Job is part of the Wisdom Literature section of the Old Testament, along with Psalms, Proverbs, Ecclesiastes, and Song of Songs. Although we are not given direct information that dates the book of Job, it could be the earliest of the Scriptures to be put in writing.
If it is the earliest book committed to writing, it is appropriate, for the book of Job addresses some of the most fundamental philosophical questions humans can ask, including:
THEMES AND LESSONS
From Job we gain an understanding that God has a specific design for humans. However, although God is sovereign, He interacts with humans, and our choices are real. It appears that humans play a key role in a grand, cosmic drama to determine who should rightfully rule the earth. Through faithful living, humans can repudiate God’s enemy.
We also learn from Job our natural tendency to treat God in a transactional manner, and seek to bend Him to do our will. However, that is not possible with God, because He is God (not us). Rather, it is our greatest privilege to seek to know God, our greatest source of fulfillment. And this life is our one and only opportunity to come to know God by faith.
Three of Job’s friends, key characters in the story of Job, express a perspective indicating that they can manipulate God through their actions. These three are soundly chastised by God, although He forgives them through Job’s intercession. Job, on the other hand, suffers greatly from adverse circumstances, but is the one who is presented as being greatly blessed. Job gives us insight that allows us to adopt a heavenly and eternal perspective, and equips us to view our earthly journey as a unique, once-in-our-existence opportunity to gain the immense blessing to know God by faith. When combined with other promises (such as Revelation 3:21) the picture that emerges allows us to view any circumstance as an opportunity.
In Job’s story, we see a full manifestation of the New Testament promise that God causes all things to work together for our good, and that the ultimate good for each of us is to be conformed to His image (Romans 8:28-29).
With Job, we also see an illustration of Jesus’s statement that the greatest fulfillment of life (which He calls “eternal life”) for any believer is to know God (John 17:3). Job comes to know God in a much deeper and fuller manner through God’s interaction with his circumstances, which greatly enhances Job’s human fulfillment. Since Job is presented as someone that God highly favors, Job’s faith is an inspiration. Through Job we can discover timeless wisdom, and how to prosper and flourish in any circumstance, whether we enjoy plenty or suffer scarcity.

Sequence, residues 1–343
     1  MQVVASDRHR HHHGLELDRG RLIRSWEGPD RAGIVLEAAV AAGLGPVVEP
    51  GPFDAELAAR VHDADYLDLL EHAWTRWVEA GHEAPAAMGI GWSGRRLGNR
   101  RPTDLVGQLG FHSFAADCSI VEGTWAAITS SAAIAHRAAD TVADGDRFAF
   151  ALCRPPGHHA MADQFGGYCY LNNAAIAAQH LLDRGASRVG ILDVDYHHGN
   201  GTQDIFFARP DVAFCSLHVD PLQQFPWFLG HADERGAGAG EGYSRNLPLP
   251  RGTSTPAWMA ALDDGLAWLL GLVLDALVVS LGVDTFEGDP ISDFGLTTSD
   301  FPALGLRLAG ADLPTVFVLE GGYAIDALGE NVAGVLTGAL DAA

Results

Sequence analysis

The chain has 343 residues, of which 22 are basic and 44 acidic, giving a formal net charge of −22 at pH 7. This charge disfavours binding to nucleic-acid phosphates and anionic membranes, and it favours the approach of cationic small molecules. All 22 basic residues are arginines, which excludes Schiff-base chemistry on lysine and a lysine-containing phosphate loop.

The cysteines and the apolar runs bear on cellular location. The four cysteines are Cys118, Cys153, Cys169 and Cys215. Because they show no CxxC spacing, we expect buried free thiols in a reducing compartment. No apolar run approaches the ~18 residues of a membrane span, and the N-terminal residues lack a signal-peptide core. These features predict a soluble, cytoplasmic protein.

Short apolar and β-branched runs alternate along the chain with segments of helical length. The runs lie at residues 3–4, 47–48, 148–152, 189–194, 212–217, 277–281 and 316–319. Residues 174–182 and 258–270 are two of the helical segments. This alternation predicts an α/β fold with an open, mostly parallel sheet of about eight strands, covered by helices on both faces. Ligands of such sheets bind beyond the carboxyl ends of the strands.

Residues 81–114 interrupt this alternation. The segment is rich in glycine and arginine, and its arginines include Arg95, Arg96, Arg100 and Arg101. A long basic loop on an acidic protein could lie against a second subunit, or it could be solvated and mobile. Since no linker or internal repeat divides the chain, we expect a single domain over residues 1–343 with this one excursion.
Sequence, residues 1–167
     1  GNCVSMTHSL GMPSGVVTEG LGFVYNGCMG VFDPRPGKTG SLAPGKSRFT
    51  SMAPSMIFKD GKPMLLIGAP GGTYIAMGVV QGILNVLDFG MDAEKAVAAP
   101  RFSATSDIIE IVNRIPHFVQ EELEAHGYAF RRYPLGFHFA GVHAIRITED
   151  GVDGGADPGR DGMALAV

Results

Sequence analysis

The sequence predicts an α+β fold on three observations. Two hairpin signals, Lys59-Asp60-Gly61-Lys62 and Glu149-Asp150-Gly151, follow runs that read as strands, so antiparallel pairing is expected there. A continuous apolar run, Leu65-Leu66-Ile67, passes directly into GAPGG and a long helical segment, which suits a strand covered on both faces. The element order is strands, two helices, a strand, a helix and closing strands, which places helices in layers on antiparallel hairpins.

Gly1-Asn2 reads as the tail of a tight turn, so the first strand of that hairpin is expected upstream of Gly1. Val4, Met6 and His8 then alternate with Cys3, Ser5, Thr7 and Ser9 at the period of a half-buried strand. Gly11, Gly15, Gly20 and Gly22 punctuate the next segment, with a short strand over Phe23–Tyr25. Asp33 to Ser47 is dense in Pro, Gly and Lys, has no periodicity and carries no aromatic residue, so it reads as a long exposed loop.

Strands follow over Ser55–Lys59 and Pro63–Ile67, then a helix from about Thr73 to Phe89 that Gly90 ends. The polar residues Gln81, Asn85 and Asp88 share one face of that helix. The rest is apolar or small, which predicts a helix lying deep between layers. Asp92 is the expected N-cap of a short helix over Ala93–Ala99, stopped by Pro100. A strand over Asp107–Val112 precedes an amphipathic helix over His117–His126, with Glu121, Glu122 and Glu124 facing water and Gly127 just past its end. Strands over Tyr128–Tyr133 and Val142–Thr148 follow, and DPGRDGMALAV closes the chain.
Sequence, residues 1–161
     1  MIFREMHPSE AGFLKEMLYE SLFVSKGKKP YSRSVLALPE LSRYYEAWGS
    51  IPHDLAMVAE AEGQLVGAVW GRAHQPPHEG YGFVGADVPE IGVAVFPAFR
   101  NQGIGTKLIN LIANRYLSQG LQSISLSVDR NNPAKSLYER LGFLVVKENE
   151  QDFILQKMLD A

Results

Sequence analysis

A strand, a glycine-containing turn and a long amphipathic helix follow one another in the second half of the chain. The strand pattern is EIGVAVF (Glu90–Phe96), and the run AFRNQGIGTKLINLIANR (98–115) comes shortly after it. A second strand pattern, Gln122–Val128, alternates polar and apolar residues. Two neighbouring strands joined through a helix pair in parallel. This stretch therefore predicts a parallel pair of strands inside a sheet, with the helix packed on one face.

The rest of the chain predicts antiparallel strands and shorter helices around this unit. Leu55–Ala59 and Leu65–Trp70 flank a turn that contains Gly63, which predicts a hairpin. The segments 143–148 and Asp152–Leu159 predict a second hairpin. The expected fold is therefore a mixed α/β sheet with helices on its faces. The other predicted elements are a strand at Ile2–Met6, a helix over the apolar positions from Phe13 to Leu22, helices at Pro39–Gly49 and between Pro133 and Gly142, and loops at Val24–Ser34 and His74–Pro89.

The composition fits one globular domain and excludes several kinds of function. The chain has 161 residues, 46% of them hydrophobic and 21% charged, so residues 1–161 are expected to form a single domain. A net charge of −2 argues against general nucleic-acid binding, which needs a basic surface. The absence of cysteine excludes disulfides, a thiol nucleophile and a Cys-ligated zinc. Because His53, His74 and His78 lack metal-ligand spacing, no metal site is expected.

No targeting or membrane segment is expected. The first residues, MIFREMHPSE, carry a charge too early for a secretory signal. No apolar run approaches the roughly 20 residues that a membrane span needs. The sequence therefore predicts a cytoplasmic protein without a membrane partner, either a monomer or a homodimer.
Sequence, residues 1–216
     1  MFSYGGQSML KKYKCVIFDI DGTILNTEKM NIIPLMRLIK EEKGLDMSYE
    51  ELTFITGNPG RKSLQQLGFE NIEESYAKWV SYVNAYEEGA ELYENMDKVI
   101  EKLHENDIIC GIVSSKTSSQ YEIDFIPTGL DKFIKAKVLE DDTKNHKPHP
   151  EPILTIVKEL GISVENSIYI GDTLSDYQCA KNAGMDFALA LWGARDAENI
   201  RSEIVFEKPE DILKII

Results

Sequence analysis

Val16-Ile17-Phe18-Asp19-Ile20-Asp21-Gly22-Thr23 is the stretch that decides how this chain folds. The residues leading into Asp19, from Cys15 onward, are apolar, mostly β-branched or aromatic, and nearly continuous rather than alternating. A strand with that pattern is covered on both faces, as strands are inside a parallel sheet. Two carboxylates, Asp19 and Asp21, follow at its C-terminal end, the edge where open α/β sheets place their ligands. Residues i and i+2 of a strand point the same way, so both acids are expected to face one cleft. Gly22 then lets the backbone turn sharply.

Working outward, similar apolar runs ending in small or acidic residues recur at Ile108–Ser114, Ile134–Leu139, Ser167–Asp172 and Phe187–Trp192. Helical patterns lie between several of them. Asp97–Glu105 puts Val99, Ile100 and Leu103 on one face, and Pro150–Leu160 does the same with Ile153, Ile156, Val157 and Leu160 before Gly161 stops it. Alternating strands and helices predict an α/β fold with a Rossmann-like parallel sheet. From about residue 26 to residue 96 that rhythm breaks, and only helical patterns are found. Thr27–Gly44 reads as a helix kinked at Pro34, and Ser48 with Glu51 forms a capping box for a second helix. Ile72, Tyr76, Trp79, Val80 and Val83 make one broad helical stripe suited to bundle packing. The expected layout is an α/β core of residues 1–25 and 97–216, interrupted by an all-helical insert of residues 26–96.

Job is a righteous man who fears God. He lives in the Land of Uz, somewhere in the Fertile Crescent of the Ancient Near East, probably in the days after Noah but before Moses. By all accounts Job is prosperous. He has ten children, is incredibly wealthy, and owns multiple businesses.
Job has been blessed by God with seven sons and three daughters. His children would host feasts for themselves, rotating at whose house the party would take place. When each feast ended, Job would summon his children and make sacrifices on their behalf, so that they could be forgiven in case they had sinned in their hearts.
The scene changes to court of God in heaven. Satan appears before the throne of God after roaming the earth. God boasts about how righteous Job is. Satan scoffs, claiming that Job only fears God because God protects Job, and has given him wealth and many children. Satan claims Job only does what is right because of the transactional benefit he gets from God. God permits Satan to test Job, but not to harm him physically.
Satan orchestrates multiple disasters for Job, all on the same day. The Sabeans steal Job’s oxen and donkeys. Fire from the sky consumes his sheep and shepherds. The Chaldeans steal his camels and slay his servants. Worst of all, a wind blows against the house of his son during a feast, and the house collapses, killing every one of Job’s children.
Job mourns these circumstances, but he worships God all the same. He knows that nothing belongs to him, and all material things will not last. Job does not blame God; he praises Him.